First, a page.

Now one last point:

Our Pentecostal brothers, share in this experience but, in the absence of Sacred Tradition, they have developed theological terms and an understanding of "being filled with the Spirit" which unfortunately falls into material heresy.

Pentecostals assert that the "Baptism of the Holy Spirit" is evidenced by the gift of tongues.

However, this is not necessarily the case. First of all, this "Baptism of the Holy Spirit" really amounts to the 3 Sacraments of initiation:

  • Baptism
  • Confirmation, and
  • Eucharist.

We receive the Holy Spirit at Baptism; we are sealed with the Spirit at Confirmation
(or Chrismation); and work with the Holy Spirit by receiving the Lord in the Eucharist.

When we are confirmed we receive access to all the gifts of the Spirit, including those phenomenal gifts listed in I Corinthians 12 such as tongues, healing, prophesy etc, etc, etc.

That doesn't mean everyone is going to exercise those gifts. Many don't know about them,
so they never recognize them. Unfortunately, many in the Catholic Church have ignored them since around 150AD when a group called Montanist started abusing them, so the Hierarchy of the Church got reactionary. Nevertheless, the gifts have always been part of Catholic Tradition.
They can only be properly understood in the context of the sacramental life. They are ways of experiencing the presence of God which we objectively receive in the Sacraments, but they are not the "be all and end all" of the Christian experience. In fact, St. Paul tells us, that if we speak in the tongues of men and angels but have no love, we are but a clanging cymbal.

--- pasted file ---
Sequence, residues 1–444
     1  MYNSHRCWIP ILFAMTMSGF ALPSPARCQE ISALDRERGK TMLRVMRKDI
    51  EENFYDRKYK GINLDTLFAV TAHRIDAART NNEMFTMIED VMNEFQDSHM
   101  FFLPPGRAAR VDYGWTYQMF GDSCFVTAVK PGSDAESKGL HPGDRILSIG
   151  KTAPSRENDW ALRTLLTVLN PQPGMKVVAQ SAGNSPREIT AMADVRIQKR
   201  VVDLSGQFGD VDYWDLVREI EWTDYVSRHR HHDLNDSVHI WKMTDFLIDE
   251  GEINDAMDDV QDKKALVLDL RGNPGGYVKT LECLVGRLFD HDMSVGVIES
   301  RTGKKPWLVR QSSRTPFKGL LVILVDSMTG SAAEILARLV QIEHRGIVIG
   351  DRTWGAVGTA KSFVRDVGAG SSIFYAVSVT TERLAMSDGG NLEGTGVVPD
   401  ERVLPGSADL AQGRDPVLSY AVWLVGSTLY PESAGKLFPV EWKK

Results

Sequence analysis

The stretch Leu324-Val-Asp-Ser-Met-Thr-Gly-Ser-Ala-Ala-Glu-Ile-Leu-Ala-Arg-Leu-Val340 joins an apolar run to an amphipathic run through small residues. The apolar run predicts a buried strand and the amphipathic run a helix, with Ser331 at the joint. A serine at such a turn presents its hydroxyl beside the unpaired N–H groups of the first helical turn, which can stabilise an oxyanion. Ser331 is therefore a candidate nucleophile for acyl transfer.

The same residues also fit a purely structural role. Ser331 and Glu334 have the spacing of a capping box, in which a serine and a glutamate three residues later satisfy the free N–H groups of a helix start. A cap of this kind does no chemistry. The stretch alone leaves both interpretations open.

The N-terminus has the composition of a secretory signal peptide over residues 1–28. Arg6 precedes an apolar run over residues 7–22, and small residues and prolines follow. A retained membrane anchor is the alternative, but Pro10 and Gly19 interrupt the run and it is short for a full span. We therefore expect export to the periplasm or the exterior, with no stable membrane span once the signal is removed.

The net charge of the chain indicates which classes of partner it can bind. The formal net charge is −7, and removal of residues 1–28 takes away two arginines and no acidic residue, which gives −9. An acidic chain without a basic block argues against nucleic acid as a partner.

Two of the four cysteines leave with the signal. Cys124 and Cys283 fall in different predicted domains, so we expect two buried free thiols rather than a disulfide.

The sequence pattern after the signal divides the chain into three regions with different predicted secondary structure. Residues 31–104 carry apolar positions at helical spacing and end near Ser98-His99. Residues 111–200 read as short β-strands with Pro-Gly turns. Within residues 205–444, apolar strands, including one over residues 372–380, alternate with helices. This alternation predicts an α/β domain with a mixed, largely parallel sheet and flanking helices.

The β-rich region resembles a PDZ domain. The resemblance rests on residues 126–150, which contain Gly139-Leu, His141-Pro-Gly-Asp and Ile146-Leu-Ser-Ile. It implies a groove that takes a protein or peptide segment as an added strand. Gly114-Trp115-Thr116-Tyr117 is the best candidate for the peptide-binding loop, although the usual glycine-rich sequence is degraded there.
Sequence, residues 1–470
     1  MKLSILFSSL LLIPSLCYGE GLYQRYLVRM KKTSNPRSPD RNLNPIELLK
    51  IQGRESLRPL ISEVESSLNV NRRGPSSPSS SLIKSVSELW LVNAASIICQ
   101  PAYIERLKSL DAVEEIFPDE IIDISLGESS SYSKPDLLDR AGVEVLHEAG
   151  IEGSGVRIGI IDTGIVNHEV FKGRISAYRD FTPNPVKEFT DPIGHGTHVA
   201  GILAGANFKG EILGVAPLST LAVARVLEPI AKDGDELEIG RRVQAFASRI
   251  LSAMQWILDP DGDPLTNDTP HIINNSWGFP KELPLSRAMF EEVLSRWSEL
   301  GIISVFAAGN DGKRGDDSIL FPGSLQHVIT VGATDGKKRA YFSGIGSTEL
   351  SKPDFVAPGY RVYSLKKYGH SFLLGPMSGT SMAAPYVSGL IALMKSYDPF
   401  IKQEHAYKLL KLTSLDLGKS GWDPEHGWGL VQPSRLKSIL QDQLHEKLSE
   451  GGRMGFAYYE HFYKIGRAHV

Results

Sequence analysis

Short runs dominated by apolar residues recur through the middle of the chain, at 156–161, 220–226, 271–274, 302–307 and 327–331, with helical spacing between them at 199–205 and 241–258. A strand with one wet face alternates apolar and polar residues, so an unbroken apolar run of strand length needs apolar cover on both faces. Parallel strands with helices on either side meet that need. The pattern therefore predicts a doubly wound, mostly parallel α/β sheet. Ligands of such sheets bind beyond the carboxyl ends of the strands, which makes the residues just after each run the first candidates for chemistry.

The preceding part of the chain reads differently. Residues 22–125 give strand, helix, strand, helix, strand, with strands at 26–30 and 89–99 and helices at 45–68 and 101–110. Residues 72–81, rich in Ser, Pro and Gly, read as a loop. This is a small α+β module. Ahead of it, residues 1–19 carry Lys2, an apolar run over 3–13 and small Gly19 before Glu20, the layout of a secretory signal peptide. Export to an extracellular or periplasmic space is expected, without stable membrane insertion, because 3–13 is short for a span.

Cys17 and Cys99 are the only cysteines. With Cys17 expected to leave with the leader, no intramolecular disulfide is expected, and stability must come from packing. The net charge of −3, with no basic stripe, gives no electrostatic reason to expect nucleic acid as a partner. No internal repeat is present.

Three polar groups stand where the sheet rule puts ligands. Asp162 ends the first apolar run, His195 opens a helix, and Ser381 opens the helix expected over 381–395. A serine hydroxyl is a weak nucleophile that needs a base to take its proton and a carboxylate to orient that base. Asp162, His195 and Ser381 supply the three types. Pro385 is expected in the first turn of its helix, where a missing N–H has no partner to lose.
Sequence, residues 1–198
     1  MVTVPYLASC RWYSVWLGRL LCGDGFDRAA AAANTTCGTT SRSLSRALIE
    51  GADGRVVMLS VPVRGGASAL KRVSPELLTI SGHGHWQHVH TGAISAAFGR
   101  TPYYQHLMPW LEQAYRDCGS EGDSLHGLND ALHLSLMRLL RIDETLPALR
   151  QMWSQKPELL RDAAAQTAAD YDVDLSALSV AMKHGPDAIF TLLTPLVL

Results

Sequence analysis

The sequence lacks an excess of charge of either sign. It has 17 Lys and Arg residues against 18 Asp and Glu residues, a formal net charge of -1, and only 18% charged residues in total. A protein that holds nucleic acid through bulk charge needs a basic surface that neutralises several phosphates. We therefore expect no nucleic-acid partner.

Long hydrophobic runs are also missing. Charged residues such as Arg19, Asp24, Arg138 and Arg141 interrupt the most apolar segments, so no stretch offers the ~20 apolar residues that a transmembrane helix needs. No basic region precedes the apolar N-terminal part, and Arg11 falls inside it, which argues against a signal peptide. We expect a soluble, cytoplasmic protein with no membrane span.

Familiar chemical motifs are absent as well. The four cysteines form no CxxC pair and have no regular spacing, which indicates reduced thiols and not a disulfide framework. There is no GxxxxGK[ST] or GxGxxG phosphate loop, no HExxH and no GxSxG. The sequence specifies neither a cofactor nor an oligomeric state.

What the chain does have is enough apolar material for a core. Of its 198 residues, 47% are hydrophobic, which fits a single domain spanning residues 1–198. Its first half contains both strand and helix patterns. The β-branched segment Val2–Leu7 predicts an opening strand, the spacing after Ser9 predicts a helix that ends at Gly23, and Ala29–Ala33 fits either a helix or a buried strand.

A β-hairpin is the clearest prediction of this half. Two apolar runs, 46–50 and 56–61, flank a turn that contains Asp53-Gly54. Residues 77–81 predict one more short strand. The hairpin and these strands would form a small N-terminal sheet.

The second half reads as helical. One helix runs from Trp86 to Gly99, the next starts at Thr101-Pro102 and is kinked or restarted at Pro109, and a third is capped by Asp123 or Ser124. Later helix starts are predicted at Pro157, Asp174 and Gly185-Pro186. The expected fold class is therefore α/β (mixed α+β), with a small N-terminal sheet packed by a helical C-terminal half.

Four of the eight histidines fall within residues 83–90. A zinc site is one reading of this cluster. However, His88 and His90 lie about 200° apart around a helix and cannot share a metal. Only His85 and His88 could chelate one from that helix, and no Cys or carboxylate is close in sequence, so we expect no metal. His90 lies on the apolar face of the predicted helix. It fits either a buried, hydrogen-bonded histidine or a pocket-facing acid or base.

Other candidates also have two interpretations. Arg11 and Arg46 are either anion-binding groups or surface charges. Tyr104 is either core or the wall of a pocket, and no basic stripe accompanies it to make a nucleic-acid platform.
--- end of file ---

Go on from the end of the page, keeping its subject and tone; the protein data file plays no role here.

So I'd be careful when fellowshipping our Pentecostal brothers. There is much we can learn from them about experiencing God but, by the same token, we must take care to always submit our theological opinions and speculations to the parameters that Holy Mother Church gives us.

I hope this helps,

John DiMascio

Jim replied:

Hey, John —

Thanks for your explanation.  You did a good job.

Maybe I can clarify my question.

We are both are filled with the Spirit and believe in what you described. My question is:

Have you or do you know of anyone that speaks in tongues in their sleep?

I can assure you what I hear out of my wife's mouth is not an utterance but a language. Nevertheless, I also know it is from God because there is a dream associated with it: evil verses good.

I'm sure there is spiritual warfare going on but she is doing it in her sleep. During these events, she prays out to Jesus and commands things to be done In His Name. It is very entertaining at times but also scary. I wake her up when the screaming gets too loud and starts waking up the kids.

Have you ever heard of this happening to anyone else in their sleep?

Thanks,

Jimmy

Mary Ann replied:

Jimmy —

I have heard of people speaking in tongues while asleep, and there is certainly no reason why it shouldn't be. However, it sounds as if your wife is speaking English and doing deliverance in her sleep, which is different. It could be from the stress of doing too much spiritual warfare.

We are not supposed to focus on evil, but rather on God. Our main spiritual warfare comes from:

  • prayer
  • practicing virtue, and
  • being priests in Jesus Christ, the High Priest

not from consciously and continually abjuring evil spirits.

Mary Ann